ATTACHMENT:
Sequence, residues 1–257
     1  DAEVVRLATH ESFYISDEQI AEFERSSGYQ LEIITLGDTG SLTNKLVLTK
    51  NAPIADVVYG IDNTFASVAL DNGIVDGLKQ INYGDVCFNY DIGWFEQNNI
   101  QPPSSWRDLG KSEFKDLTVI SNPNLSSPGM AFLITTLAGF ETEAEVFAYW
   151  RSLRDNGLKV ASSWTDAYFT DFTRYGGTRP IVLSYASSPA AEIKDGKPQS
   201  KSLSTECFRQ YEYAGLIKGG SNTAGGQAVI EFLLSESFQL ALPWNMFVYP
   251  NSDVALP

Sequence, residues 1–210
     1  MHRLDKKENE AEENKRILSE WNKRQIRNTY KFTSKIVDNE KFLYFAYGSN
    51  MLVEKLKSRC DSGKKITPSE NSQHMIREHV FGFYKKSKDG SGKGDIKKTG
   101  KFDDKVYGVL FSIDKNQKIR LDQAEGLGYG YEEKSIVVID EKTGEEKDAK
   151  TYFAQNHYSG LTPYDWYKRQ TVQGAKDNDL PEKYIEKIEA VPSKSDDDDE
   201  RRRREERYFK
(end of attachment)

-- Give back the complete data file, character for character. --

Sequence, residues 1–257
     1  DAEVVRLATH ESFYISDEQI AEFERSSGYQ LEIITLGDTG SLTNKLVLTK
    51  NAPIADVVYG IDNTFASVAL DNGIVDGLKQ INYGDVCFNY DIGWFEQNNI
   101  QPPSSWRDLG KSEFKDLTVI SNPNLSSPGM AFLITTLAGF ETEAEVFAYW
   151  RSLRDNGLKV ASSWTDAYFT DFTRYGGTRP IVLSYASSPA AEIKDGKPQS
   201  KSLSTECFRQ YEYAGLIKGG SNTAGGQAVI EFLLSESFQL ALPWNMFVYP
   251  NSDVALP

Sequence, residues 1–210
     1  MHRLDKKENE AEENKRILSE WNKRQIRNTY KFTSKIVDNE KFLYFAYGSN
    51  MLVEKLKSRC DSGKKITPSE NSQHMIREHV FGFYKKSKDG SGKGDIKKTG
   101  KFDDKVYGVL FSIDKNQKIR LDQAEGLGYG YEEKSIVVID EKTGEEKDAK
   151  TYFAQNHYSG LTPYDWYKRQ TVQGAKDNDL PEKYIEKIEA VPSKSDDDDE
   201  RRRREERYFK